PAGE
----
If my dispute with the Classmates Dot Com scam is unfamiliar, and you're interested in taking such scammers to task, see the original post here. Classmate's response to my case, presented in an email, was to simply reiterate their right to extract funds from my account without my knowledge or permission, and to "compensate me" by offering to extend my "membership" by three extra months for free. Which is a little like offering someone a free bucket of scat. It's just the right attitude to take in a public relations strategy promoting a "helping hand" image for their company. The perfect mix of smarminess, cynicism, and untouchable arrogance.
So I'm giving them a little more "free" publicity, understanding fellow that I am.
Just in case it's not obvious, the implications of their claim that a "terms of service" contract--agreed to during the initial sign up of every client--covers any access to their customer's accounts that isn't vigorously and consistently resisted, basically amounts to a license to steal. Fundamentally what it means is that anyone who has ever signed up with this company had better have access to a good lawyer, or resign themselves to the possibility of having their pockets picked once a year, from now on...
Member Care wrote:
Thank you for replying. Florence is out of the office, but I'd be happy to assist you. I understand your concerns and frustration with the membership terms. Unfortunately, your membership is non-refundable as stated in the Terms of Service. However, I can offer you an additional 3 months for FREE. Please respond to this email and I'll be happy to update your membership.
And thanks for providing me another opportunity to share your "gotcha" emails with about 10,000 members of the public a day, some of whom are bound to be in your customer base. Please forward this email response, including this link to the aforementioned blog article, to someone on your executive staff willing to take personal and public responsibility for Classmates Dot Com's business practices, including your practice of unannounced and unpoliced "automatic renewals:"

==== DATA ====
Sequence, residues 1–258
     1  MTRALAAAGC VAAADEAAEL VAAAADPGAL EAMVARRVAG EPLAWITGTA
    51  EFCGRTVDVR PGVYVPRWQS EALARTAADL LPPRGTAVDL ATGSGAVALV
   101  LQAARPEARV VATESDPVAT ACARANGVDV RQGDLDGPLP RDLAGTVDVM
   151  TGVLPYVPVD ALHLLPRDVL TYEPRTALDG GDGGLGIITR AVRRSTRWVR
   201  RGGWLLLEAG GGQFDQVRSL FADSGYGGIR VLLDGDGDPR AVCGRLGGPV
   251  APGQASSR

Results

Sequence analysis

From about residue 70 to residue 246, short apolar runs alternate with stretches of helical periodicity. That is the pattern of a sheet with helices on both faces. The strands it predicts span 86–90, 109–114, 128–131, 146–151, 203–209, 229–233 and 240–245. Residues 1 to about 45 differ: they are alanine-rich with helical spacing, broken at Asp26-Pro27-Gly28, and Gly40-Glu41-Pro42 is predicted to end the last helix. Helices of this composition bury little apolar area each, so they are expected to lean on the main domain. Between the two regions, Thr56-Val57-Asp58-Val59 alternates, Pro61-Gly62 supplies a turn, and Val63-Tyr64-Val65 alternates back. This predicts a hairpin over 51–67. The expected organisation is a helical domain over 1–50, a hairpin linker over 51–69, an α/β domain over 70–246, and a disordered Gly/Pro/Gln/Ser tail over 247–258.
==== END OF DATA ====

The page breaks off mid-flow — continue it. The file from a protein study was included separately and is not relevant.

The reason you're unlikely to get away with this much more, or the reason this practice of yours is probably going to become a big enough story to provoke a public response, is that it implies you have permanent access to the accounts of everyone who ever signed up for your service, without anyone being able to do a single thing about it. The only brake on the practice that there ever was is based on the supposed good faith of your company, which your refusal to give me a refund exposes as a myth. You would accomplish this little "trompe l'oil" by simply changing their renewal preference to "automatic" without their knowledge, providing them no notice of when their account is about to be, or has been, debited; and subsequently refusing to make restitution on the basis of a bogus "terms of service" contract. I have news for you, such "terms of service" don't cover fraud. But either a fraud investigation or a tort lawsuit would involve extensive discovery, during which time any emails or other messages that you delete, or any computer records you change, become actionable by themselves. And this also applie to any law firm you retain.
And this is nothing compared to the public relations cost to a company that markets itself as a compassionate and understanding service provider promoting romance and friendship, but which cynically regards the property of their clients the way a pickpocket looks at a Start Trek convention.
Simply put, I did not agree to your "terms of service" for any period other than that first year. Everything you taken since then has been taken without my authorization.
My mother taught me to regard what you're doing as theft. Maybe your mommy taught you something else, but I'm willing to bet there are more responsible mommies out there in the public than crooked mommies.
We're very excited about new features we recently introduced: Quick Notes, My Visitors and the redesign of our website. Quick Notes allows you to send or receive a pre-written note from another member. You can see how many people have come to your profile by viewing the My Visitors information. And, we recently improved the look and feel of our site. There are many more new features and benefits coming soon!
And I'm very excited about taking you to task for what is clearly an unethical, and quite probably an illegal, practice. And I'm betting that a lot of your current customers will want to know about this, as well.
We hope that you'll continue to find value by locating and staying connected with school friends, co-workers and military buddies.
I've told you before, I've never found an iota of value in your company or its service, which is why I've never knowingly renewed the service.
Scott, I hope this information was helpful. If we can be of further assistance, please let us know.
Well, I'm letting you know now. You can refund every cent you're ever extracted from my account without my authorization, and if you're smart you'll also issue an abject apology for your clearly anti-customer, anti-public, cynical and unethical business practices.